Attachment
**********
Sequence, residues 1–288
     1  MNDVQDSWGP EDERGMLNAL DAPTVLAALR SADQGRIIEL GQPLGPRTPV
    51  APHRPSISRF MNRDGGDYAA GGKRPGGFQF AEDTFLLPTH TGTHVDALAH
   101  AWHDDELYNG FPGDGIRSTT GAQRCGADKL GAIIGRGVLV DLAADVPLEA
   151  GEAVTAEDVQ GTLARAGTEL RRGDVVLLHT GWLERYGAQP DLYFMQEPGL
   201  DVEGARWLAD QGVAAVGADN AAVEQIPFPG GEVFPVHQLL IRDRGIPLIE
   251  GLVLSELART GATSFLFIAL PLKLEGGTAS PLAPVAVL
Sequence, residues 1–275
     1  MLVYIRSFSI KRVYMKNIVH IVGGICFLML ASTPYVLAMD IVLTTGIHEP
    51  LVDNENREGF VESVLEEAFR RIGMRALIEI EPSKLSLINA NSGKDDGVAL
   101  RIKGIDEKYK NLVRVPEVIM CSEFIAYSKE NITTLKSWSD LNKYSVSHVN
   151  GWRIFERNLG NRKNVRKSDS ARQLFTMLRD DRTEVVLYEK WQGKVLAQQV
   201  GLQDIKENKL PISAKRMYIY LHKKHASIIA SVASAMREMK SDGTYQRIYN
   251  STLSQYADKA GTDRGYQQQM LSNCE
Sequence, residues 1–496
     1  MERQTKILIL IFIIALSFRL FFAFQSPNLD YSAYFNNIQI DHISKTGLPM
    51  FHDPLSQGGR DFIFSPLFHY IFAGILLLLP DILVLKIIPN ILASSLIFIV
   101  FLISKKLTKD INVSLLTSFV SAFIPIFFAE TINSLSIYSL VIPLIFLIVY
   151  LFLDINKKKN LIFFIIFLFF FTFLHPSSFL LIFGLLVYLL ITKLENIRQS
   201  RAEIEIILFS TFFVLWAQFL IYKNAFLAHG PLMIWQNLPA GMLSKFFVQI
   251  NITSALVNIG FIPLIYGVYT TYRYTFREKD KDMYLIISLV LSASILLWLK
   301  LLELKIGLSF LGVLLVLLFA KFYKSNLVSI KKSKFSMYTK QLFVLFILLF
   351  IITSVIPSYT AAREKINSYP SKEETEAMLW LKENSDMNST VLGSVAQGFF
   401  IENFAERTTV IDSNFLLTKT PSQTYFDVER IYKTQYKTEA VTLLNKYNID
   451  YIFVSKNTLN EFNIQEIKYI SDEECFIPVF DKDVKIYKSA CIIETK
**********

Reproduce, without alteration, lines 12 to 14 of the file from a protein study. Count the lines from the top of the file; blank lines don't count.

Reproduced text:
   151  GWRIFERNLG NRKNVRKSDS ARQLFTMLRD DRTEVVLYEK WQGKVLAQQV
   201  GLQDIKENKL PISAKRMYIY LHKKHASIIA SVASAMREMK SDGTYQRIYN
   251  STLSQYADKA GTDRGYQQQM LSNCE